My father had a special affinity for the cardinal. He loved its red plumage, black mask, and the way it feeds and keeps company with its mate. It brightens up its surroundings, and it often waits until other birds are gone to feed. It likes to feed at dusk, when things are cool and quiet. It is a bit solitary, and he was a lot like that. My mother thinks of my dad whenever she sees a cardinal, and I think the rest of us do, too.

If I had to pick a favourite bird, I would pick the blue jay. It is a very beautiful bird, not shy at all, with a variety of songs and calls. It is a misunderstood bird in that many observers think it chases small birds away from feeders, but once it makes its "clear out" call, it gets a seed and flies elsewhere to eat it. In fact, blue jays are planters because of this. They often take seeds, bury or place them to eat later, forget about it, and the seeds will sprout. So, blue jays might have a big mouth and seem bossy, but they do a lot of good behind the scenes.

When I adopted EmilyCat so, so many years ago, I felt a twinge of guilt. She was mostly Siamese. We all grew up as Cat Haters, so devoted we were to birds, and we especially hated and mistrusted Siamese cats. One of the few times I ever heard my mother swear was when she referred to the Bird And Baby Bunny Eating Siamese as "That Damn Cat." But puny, sick little EmilyCat needed us. And it all turned out fine.

I'm happy to report that I have added considerably to my list of Birds I've Seen, even though some still remain elusive. Hummingbirds regularly stop at my feeder, and I did see a bluebird. A nesting pair of cedar waxwings cavort in the branches above the deck. Sunshiny goldfinches seem to be everywhere. A Carolina wren kept the kittens and me company all winter, pecking around on the front porch. Those are only a few examples. And I see a brilliant red cardinal, it seems, wherever I go.

bird book image

Wednesday, June 03, 2015

Adjusting The Waistband On My Cranky Pants

Yeah, yeah, I'm still here, someplace amid a mound of fleece blankets, fleece-lined spandex exercise pants, longsleeved tee, and fleece hooded sweatshirt. Welcome to Ohio, where we like to celebrate the coming of June by having temperatures in the forties overnight and the fifties during the day.

I wish I were kidding.

And let's make sure we add wind and rain in there. So that I can also run my furnace to dispel the damp.

Holy crap. I am hereby lodging a Formal Complaint. Can someone out there see that it gets to the Proper Authorities?

Yikes. Someone is, I fear, a Little Bit Crabby. And a little Snarked Out. Not quite Centered or At One With Her Zen. I'm too cheap to pay for therapy, and even though I could use my Dr. On Demand app and get a free introductory session, I'd rather use all of you. Will you be my therapist and listen to my Issues? Then you can counsel me in Comments, and we can all do likewise for you. Here we go.

::Where Is The Real News?:: What passes for News these days is no less than a farce. It's as if People magazine has taken over journalism. I can feel/hear Walter Cronkite and Edward R. Murrow spinning in their graves. Celebrity births, cutesy dog videos, and marginal events like charity drives and soldier homecomings are common stories on the national news (I'm looking at you, NBC Nightly News). Is there really nothing else occurring of note in the world, even in the realms of science, politics, government, technology, or finance?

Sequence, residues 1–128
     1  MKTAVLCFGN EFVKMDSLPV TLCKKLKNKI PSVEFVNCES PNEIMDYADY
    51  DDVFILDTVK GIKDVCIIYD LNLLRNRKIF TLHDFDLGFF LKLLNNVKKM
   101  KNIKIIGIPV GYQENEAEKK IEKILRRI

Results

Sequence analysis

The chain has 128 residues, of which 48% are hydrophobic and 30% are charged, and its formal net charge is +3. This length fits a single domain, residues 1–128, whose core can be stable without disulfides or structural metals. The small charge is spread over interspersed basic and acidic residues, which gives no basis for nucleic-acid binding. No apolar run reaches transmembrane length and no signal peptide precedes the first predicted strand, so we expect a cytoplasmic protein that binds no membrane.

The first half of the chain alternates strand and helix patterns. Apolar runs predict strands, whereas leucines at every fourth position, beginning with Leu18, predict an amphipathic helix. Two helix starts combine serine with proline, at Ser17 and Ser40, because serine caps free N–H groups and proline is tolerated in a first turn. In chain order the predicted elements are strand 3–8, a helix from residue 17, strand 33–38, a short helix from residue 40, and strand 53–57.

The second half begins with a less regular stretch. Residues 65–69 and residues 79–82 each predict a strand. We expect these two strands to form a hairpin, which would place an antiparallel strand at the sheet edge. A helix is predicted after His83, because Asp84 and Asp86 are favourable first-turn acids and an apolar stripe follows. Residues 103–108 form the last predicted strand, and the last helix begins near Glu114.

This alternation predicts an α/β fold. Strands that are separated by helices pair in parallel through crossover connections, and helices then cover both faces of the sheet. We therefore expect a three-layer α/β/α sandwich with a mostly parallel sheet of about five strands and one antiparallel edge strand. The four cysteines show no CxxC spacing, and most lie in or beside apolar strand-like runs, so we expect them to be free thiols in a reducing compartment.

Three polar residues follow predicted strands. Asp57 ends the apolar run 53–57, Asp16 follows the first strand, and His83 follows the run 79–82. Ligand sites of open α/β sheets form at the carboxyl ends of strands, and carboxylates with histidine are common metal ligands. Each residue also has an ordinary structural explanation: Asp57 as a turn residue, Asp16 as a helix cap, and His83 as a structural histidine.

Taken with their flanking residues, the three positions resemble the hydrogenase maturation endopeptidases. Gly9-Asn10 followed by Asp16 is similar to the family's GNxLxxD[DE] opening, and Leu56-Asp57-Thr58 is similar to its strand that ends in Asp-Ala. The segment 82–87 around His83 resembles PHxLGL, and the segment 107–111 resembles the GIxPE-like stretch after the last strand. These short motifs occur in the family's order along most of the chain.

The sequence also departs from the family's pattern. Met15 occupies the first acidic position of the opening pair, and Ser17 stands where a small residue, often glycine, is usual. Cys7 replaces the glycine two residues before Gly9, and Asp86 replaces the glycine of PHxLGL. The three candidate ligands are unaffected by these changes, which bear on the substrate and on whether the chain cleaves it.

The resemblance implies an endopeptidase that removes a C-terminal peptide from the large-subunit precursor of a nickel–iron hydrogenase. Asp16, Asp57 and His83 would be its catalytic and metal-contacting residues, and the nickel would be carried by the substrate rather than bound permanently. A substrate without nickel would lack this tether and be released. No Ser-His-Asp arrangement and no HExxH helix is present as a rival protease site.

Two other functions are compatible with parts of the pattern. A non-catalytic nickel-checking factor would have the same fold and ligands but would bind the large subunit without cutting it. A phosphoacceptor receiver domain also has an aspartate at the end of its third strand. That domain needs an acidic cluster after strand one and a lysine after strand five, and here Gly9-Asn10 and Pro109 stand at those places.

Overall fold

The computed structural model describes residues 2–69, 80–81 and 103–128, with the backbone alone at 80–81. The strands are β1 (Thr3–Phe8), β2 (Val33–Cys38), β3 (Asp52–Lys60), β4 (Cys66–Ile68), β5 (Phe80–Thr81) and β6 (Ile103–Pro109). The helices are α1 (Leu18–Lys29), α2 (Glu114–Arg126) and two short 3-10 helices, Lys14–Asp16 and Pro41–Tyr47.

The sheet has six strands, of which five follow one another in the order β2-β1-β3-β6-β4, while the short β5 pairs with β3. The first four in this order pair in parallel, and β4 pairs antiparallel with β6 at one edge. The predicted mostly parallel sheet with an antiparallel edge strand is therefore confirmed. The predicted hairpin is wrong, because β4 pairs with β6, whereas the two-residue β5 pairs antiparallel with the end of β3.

::Is This Really Style?:: I sat (somewhat) stoically and quietly by while the Eighties neon colours came back into fashion, and I shut up a lot when everyone made a big deal out of the rope wedge, peasant blouses, and all the other crap that I used to wear back in the seventies as being so fresh and wonderful and Right Now On Trend. But there is No Way that I am sitting still for H&M selling this for $39.95 and even outright calling it The Mom Jean. It's a travesty. Worse yet is this assertion that the once-reviled, touristy and androgynous fanny pack is now de rigeur for all fashion mavens. Listen; the idea of being able to zip around on my errands without my purse hanging off my arm sounds like heaven to me, but if that comes at the expense of having a pelvis goiter, then no, No Thank You. I am old enough to remember the Playtex Girdle commercials and their admonishments about Midriff Bulge. I work hard not to have any Unsightly Bulges. The last thing I want is a Bulge that I paid for. (Oh, and for the record, I am still not wearing these. Certainly you can; I'm not judging.)

::Is This Real Life?:: In the next several months, it is expected that Donald "The Donald" Trump will announce his bid for the republican nomination for President. Of the United States. Where I live. Rather than be gleeful and entertained at this prospect, I am instead irked and irritated. Honestly, I'm not sure why. Probably because I know he's doing it just as an act of shameless self-promotion, and I'm annoyed that he's able to make such a mockery of a serious office to aggrandize and publicize himself and his empire. He's such a full-scale goofball that his own party will roll its eyes and sigh a lot, but the media will give him a ton of coverage and that's going to be excruciating.